How to Move a Business Process from Automation Stage One to Stage Two

How to Move a Business Process from Automation Stage One to Stage Two

Automating manual business processes is a multi-stage initiative. Here’s how to take the first step toward process management, improvement, and automation.

Transforming a manual business process to one that is structured and managed can cut the cost in half and reduce typical completion time from weeks to days. Those are just a couple of the benefits of moving processes from stage one to stage two (as detailed in our last post) of the Kinetic Automation Maturity Model (KAMMsm).

The requirements for a stage one process are simple. Strictly speaking, the only technology that’s really required is an email inbox for request intake. And then the organization needs to communicate to its employees (or customers, suppliers, constituents, channel partners…whomever will be submitting requests), “Have questions? Email us here.” That’s one approach.

It’s very common that organizations will create a web page or portal with a form that enables a requester to type in unstructured text, and then automatically sends the input to a defined email inbox.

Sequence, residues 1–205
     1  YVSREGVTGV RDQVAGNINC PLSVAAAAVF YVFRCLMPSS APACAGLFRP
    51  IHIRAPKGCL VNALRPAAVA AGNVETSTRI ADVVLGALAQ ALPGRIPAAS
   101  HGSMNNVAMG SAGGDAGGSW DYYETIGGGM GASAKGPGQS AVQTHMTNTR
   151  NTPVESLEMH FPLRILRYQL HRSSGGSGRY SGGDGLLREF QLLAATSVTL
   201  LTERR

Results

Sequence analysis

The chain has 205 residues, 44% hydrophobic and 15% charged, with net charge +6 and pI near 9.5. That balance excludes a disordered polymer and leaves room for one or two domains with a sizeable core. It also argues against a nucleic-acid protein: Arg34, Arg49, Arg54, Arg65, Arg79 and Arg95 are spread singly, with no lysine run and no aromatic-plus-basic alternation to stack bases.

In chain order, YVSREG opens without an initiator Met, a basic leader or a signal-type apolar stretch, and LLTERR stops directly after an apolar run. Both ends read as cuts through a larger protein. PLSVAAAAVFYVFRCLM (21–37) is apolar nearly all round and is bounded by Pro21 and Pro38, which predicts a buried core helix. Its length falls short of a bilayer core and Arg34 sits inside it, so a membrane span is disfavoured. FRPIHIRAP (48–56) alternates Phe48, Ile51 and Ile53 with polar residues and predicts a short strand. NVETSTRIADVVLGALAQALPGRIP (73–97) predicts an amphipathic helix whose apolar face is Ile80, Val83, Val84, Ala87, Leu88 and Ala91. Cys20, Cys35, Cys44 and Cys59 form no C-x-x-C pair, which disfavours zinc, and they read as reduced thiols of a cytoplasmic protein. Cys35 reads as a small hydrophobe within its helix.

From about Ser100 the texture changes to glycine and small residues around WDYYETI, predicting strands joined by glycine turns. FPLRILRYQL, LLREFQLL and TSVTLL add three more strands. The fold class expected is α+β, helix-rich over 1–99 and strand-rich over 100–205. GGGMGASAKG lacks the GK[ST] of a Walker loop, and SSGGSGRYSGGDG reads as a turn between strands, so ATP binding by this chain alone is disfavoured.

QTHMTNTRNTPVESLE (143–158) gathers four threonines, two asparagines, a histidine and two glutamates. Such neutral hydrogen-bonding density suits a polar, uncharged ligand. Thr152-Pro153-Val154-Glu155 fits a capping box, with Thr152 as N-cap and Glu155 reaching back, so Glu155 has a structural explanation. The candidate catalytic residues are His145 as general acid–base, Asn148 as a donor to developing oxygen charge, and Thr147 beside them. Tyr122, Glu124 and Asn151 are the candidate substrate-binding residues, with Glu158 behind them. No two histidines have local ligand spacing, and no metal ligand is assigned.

KAMM Stage 1Companies may have fairly impressive systems for handling that workflow. They may have an interface built in Remedy, ServiceNow, or another ITSM platform. But if all the system is doing is collecting unstructured text and forwarding it, that process is still stuck at stage one.

To move from stage one to stage two processes, an organization needs three elements:

  •         Process intelligence, which helps determine which processes are the best candidates for automation.
  •         Process definition, so that the organization isn’t trying to automate poorly defined or inefficiently designed process workflows.
  •         Client-side logic, which assures that fulfillers will receive valid data enabling them to fulfill requests or resolve issues.

Process intelligence: A common approach is for an organization to analyze its last 100, 1,000, or some number of unstructured requests to identify the most common problems: invoiced the wrong amount, shipped the wrong product, delivered the wrong quantity, whatever those problems may be.